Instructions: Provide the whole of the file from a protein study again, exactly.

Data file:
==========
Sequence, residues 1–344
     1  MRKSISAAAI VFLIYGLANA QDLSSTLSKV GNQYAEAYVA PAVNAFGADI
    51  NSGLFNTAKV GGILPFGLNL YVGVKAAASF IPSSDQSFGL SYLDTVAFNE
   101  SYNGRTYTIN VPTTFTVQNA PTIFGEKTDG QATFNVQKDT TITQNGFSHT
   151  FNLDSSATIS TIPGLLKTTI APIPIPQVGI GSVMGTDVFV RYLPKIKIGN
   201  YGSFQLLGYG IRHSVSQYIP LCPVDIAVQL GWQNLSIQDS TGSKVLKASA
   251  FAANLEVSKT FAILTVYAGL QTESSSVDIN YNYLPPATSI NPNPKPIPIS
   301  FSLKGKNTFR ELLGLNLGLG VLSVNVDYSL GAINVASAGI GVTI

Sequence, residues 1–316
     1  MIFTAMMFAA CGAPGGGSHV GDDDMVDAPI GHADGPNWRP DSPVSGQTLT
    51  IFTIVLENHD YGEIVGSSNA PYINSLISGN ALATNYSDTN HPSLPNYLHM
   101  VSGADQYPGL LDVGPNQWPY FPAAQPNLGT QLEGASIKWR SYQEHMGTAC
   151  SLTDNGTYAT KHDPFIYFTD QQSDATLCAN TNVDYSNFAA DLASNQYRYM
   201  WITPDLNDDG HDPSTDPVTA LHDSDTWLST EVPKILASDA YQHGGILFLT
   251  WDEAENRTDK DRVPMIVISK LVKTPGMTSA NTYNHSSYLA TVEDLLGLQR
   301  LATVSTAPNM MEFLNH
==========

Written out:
Sequence, residues 1–344
     1  MRKSISAAAI VFLIYGLANA QDLSSTLSKV GNQYAEAYVA PAVNAFGADI
    51  NSGLFNTAKV GGILPFGLNL YVGVKAAASF IPSSDQSFGL SYLDTVAFNE
   101  SYNGRTYTIN VPTTFTVQNA PTIFGEKTDG QATFNVQKDT TITQNGFSHT
   151  FNLDSSATIS TIPGLLKTTI APIPIPQVGI GSVMGTDVFV RYLPKIKIGN
   201  YGSFQLLGYG IRHSVSQYIP LCPVDIAVQL GWQNLSIQDS TGSKVLKASA
   251  FAANLEVSKT FAILTVYAGL QTESSSVDIN YNYLPPATSI NPNPKPIPIS
   301  FSLKGKNTFR ELLGLNLGLG VLSVNVDYSL GAINVASAGI GVTI

Sequence, residues 1–316
     1  MIFTAMMFAA CGAPGGGSHV GDDDMVDAPI GHADGPNWRP DSPVSGQTLT
    51  IFTIVLENHD YGEIVGSSNA PYINSLISGN ALATNYSDTN HPSLPNYLHM
   101  VSGADQYPGL LDVGPNQWPY FPAAQPNLGT QLEGASIKWR SYQEHMGTAC
   151  SLTDNGTYAT KHDPFIYFTD QQSDATLCAN TNVDYSNFAA DLASNQYRYM
   201  WITPDLNDDG HDPSTDPVTA LHDSDTWLST EVPKILASDA YQHGGILFLT
   251  WDEAENRTDK DRVPMIVISK LVKTPGMTSA NTYNHSSYLA TVEDLLGLQR
   301  LATVSTAPNM MEFLNH